A recent Brookings Institute Report cited an estimated 780,862 new jobs in opportunity zone tracts (Arefeva et al., “Job Growth From Opportunity Zones,” Brookings Institution (Feb. 19, 2021)). This employment growth took place across multiple industries ranging from construction to service industries. We agree with many researchers and policy watchers that OZ-induced employment will continue to flourish as more OZ businesses are established across the country.
With many investors deferring capital gains into real estate projects, housing prices have seen a higher percentage increase in OZ tracts than in comparable non-OZ tracts since the program rolled out in 2018. In other words, researchers have found a measurable, albeit modest, boost to housing prices in OZ tracts above and beyond what could be attributed to the overall spike in U.S. housing prices. Rising home values benefit areas adjacent to OZ tracts, too, by lifting the entire community and adding equity into people’s homes that was previously limited or held down by their geographic location (U.S. Department of Housing and Urban Development (press release), “New Report Shows Opportunity Zones on Track to Lift One Million Americans Out of Poverty” (Aug. 25, 2020)).
OZ business are continuing to flourish in more than just value. One OZ business, for instance, is addressing a need for housing. MIT Modular (MITmodular.com) in Provo, Utah, is transforming shipping containers into affordable housing. These units are easy to transport and can be taken to cities to provide affordable housing for seasonal workers and the homeless. (Full disclosure: One of the authors co-founded this business.) This is not the only OZ-based business seeking to benefit society. There are many others making great strides in green energy, new technologies, and countless other areas. These businesses will continue to boost community employment and community development (and civic pride) while offering investors substantial upside on their money.
There is an initial tax deferral of the original capital gains (short-term or long-term) until Dec. 31, 2026. Taxes will be payable April 15, 2027, at the rates in effect in calendar 2026. Think of this as a five-year “interest-free” loan — a valuable benefit for any taxpayer, not just real estate investors. Over the past 18 months we have seen a huge increase in crypto traders utilizing the OZ program to defer gains. Since most crypto gains are short-term, they are subject to the highest marginal rates. The benefits of deferring gains from crypto (and other alternative assets) into the OZ program can be substantially greater than reinvesting long-term gains. (See Christian, “Investors Are (Legally) Shielding Crypto Gains in Opportunity Zones,” Tax Insider (Nov. 18, 2021).)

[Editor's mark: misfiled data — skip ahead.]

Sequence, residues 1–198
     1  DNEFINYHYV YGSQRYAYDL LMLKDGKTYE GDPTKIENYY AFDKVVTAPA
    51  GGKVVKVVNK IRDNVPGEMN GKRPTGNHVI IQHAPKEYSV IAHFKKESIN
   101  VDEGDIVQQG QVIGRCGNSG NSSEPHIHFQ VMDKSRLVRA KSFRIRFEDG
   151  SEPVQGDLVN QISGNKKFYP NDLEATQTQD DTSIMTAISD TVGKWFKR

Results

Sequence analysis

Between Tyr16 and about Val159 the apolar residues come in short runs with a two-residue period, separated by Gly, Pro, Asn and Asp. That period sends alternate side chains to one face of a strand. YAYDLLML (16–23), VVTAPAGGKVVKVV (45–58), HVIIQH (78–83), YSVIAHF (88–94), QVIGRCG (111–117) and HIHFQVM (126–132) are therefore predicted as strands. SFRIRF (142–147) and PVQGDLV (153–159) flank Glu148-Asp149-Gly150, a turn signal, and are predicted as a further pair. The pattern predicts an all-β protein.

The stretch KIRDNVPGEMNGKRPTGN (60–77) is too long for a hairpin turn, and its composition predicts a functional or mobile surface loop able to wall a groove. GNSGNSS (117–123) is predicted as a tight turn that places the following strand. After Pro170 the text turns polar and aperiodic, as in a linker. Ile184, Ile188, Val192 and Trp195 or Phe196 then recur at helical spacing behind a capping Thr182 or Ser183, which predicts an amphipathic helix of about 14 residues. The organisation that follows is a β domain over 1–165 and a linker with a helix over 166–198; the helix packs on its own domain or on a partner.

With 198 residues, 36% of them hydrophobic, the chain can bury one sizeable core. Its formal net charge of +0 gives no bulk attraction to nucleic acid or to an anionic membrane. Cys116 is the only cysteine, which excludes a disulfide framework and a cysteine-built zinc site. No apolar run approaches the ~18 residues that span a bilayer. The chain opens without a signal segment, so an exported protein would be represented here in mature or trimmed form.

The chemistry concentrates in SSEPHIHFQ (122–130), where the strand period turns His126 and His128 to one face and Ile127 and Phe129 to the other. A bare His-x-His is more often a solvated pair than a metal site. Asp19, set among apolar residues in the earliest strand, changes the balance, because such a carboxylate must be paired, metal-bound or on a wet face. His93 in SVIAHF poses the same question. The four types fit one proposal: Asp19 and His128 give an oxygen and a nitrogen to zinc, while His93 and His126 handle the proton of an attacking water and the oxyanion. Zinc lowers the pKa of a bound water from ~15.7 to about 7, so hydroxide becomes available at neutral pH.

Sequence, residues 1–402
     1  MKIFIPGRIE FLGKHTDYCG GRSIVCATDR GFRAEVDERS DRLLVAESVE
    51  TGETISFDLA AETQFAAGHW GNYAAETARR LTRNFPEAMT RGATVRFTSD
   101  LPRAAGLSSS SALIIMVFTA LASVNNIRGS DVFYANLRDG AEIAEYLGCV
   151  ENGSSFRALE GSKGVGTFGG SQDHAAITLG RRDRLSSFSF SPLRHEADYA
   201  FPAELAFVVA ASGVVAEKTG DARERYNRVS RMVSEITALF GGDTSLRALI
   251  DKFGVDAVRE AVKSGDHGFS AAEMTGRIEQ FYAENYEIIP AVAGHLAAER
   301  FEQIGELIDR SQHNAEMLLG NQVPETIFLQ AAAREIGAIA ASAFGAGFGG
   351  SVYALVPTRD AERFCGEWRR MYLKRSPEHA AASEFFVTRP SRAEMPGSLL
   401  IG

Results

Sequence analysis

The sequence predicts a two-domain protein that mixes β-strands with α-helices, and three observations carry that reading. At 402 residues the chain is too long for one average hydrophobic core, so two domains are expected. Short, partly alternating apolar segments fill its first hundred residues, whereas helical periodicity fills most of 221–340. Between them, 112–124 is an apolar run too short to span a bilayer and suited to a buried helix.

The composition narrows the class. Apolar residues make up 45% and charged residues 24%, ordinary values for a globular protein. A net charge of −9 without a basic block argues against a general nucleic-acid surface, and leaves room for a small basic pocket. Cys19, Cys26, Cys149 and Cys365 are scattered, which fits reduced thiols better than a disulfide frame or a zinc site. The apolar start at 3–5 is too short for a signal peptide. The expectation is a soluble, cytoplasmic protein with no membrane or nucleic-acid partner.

By far the most valuable benefit remaining under the OZ program is the ability to achieve tax-exempt growth of one’s investment after a 10-year holding period. Upon selling the investment, there will be no federal tax on the investor’s proceeds. Every state other than California, Mississippi, North Carolina, Massachusetts, and New York honors the exemption. This exemption is the primary reason why people continue to invest their capital gains into the OZ program. The exemption extends to depreciation and tax credit recapture, which only adds to the total internal rate of return on an investment.
As mentioned earlier, the third key benefit of the original OZ program expired on Dec. 31, 2021. That was a tax basis increase of 10% of the fund balance after holding an OZ fund for five years. If you have clients asking about the loss of that provision, remind them that this benefit was a very small part of the OZ program. If you run the math, you’ll see that even though the Dec. 31, 2021, window has closed on basis step-up, it only brought high-net-worth investors an additional savings of 2.38% (10% × 23.8% tax rate) on long-term gains and only 4.08% (10% × 40.8% tax rate) on short-term gains. That’s a rounding error for most people, considering a 10-year investment period.